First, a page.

If you have a teenager, then you already know what it is like to have SharePoint in your organization. Teenagers represent potential, hope and drama. We could delve into all of these characteristics and find easy comparisons when implementing or supporting SharePoint in an organization.

The one characteristic that many (though not all) teenagers have is the belief that the world revolves around them. For those of us who are parents, we see this and must cope with it while helping our child grow into a contributing member of society. When implementing and supporting SharePoint, we must do the same.

How to put an end to SharePoint self-centeredness? One way is to realize that this is not your client’s problem. It is your problem as the implementer of the technology. You may not even realize that you set up the self-centeredness.

I have been creating software for 20 years now, the last 10 mostly with SharePoint. I can definitely say that SharePoint is blamed for many things. Some expressions that I have heard over and over through the years:

“I can’t log in. It’s SharePoint’s fault.”

“SharePoint is not user-friendly.”

“I can’t find anything in SharePoint.”

These are all valid points to the client. SharePoint’s strength and weakness is that is that it does so much and can touch so much. On top of this, just like any proud doting parent, you have Microsoft touting this software as the very manna from Heaven. It’s no wonder that we become SharePoint self-centered.

What this means is that you have to be smarter when talking SharePoint. Here are a few points that will help:

1. SharePoint branding. It is not just branding, it is usability. A majority of SharePoint users I’ve encountered don’t like it because usability was not taken into account. This is not SharePoint’s fault. Don’t blame the ribbon because a user cannot see how to add documents to a library.

2. Security. I love it when users complain about this, and then you ask them about Active Directory, trusts, forests, etc. The point is SharePoint’s security is innately tied to a much bigger infrastructure, and this should be discussed up front.

3. Technical folks.
Just because I do application development does not mean I can come over to my uncle’s house and fix his computer hardware. The line from the great Bill Murray movie “Groundhog Day” comes to mind. Bill is asked how he got so good at piano, and he says, “My Dad was a piano mover so…”

So it is with SharePoint and technical folks. There are disciplines, and it is your job to educate your clients—your users—on this subject. Just because you “code” in SharePoint (a.k.a. use SharePoint Designer) does not mean you are able to write jQuery client object model code.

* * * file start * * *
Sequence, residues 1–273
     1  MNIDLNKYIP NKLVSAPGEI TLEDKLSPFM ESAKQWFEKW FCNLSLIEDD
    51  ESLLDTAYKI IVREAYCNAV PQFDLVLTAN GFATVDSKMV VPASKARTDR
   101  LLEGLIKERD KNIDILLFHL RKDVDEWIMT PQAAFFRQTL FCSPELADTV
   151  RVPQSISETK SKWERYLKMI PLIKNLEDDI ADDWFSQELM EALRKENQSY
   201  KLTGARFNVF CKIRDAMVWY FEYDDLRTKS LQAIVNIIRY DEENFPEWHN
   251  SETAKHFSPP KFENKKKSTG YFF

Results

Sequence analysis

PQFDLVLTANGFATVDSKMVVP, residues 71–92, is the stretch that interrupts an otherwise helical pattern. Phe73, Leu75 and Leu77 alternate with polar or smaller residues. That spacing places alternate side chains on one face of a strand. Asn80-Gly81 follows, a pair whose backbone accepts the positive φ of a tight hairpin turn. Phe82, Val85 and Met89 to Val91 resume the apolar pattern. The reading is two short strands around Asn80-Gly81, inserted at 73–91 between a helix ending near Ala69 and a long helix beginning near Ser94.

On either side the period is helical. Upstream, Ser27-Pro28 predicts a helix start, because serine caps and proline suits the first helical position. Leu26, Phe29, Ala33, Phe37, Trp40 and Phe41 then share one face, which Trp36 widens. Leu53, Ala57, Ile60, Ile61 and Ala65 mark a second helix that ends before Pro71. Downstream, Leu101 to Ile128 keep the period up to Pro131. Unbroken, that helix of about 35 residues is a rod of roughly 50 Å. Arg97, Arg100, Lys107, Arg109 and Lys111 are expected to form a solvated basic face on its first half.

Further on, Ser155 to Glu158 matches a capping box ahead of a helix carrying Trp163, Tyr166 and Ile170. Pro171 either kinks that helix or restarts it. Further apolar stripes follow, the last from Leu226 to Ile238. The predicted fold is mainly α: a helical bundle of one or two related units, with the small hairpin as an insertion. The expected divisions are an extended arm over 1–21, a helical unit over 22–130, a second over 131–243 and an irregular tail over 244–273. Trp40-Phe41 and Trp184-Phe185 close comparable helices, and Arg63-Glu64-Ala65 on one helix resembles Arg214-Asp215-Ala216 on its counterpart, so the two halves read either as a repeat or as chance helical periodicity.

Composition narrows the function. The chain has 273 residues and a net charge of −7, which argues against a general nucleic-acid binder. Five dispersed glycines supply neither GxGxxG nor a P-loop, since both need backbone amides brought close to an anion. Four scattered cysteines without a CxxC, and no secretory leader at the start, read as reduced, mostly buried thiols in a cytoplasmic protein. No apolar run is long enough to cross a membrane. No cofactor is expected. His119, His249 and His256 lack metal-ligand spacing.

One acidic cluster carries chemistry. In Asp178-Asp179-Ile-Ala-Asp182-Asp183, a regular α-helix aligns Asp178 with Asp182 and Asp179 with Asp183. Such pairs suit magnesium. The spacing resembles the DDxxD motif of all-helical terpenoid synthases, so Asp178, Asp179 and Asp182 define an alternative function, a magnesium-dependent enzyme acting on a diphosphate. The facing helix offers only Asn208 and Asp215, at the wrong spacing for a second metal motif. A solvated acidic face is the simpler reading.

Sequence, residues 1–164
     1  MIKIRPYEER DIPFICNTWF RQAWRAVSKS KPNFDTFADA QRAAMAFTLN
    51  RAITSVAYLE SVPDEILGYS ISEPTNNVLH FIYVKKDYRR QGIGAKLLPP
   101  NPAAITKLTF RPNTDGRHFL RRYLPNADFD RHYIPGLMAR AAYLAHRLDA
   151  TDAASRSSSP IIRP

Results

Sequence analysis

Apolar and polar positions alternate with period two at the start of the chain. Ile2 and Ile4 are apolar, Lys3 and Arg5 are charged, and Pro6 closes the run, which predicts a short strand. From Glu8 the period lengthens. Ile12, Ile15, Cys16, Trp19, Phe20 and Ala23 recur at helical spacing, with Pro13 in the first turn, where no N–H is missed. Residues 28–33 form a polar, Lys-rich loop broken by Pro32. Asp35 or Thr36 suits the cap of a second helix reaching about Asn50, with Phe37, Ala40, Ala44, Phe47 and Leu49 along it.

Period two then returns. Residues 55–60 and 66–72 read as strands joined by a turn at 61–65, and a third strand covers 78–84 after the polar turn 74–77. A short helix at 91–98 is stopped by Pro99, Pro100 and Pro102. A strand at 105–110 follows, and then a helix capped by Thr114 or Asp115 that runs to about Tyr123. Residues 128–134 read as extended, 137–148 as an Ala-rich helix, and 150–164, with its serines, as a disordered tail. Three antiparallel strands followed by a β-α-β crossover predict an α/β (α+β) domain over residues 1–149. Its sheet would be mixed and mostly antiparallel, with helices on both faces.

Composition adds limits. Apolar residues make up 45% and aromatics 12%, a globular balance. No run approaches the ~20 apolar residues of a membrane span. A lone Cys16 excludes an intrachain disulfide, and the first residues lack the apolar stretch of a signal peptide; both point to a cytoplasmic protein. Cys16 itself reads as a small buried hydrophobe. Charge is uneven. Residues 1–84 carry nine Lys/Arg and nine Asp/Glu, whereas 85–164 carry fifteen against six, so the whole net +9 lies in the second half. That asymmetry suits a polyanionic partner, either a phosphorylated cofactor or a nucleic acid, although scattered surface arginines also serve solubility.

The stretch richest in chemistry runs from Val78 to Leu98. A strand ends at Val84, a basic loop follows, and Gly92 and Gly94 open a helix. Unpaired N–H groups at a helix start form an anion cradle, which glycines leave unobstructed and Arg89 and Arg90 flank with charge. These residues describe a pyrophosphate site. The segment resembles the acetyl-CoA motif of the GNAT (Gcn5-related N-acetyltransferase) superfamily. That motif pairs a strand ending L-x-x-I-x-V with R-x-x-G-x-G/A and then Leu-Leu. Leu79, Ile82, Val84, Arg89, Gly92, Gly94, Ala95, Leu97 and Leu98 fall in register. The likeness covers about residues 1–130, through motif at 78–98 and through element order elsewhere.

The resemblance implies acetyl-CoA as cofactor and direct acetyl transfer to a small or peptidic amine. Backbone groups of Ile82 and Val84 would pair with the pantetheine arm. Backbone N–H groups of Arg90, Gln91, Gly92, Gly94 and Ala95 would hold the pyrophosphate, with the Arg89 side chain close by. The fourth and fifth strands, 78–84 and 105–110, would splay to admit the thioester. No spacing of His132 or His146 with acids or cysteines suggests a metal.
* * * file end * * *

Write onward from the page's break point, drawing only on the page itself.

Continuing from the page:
Another way to eliminate SharePoint self-centeredness is to properly educate users on the role of SharePoint in an enterprise ecosystem. The best way to educate users is to push the onus back with a few directed questions. You have got to stop doing some things for your client or users, even if you know the answer and can “fix” something in five minutes.

You must stop and get out of the way, so your users/clients can grow. If you don’t do this, the product will not mature in the enterprise. It will be deemed a failure.

How do you do this? Proper questioning. When customers complain or ask questions about SharePoint, always start with a positive without sounding patronizing:

“That is a great question, John. Is search not working at all, or just not working the way you would like it to? What type of functionality would you like to see out of search?”

Your client may think for a bit, but direct focused questioning spurs growth. Questioning puts the responsibility back on the other person. Leading that person to the solution through logical analysis will make them self-sufficient. They will develop new pathways. You will be seen as a trusted advisor, no longer an enabler.

Finally, the third way to stop SharePoint self-centeredness is to broaden you and your client’s viewpoint. Understand what other technologies are doing with business intelligence, content management and social media, to name a few aspects. Being able to speak to these technologies while specializing in SharePoint will ease the frustrations and potentially make a difficult circumstance bearable.

SharePoint is a great technology that is always part of a bigger picture. We all know users or organizations who are impeding their own growth by being SharePoint self-centered. Are you also impeding them?

Peter Serzo is a published author of the “SharePoint 2010 Administration Cookbook,” a founder of the SouthEastern SharePoint group, a speaker, and SharePoint Architect for High Monkey Consulting. Peter has been in the IT industry for 20 years. He has extensive experience with SharePoint implementing business solutions for several enterprise organizations over the past seven years.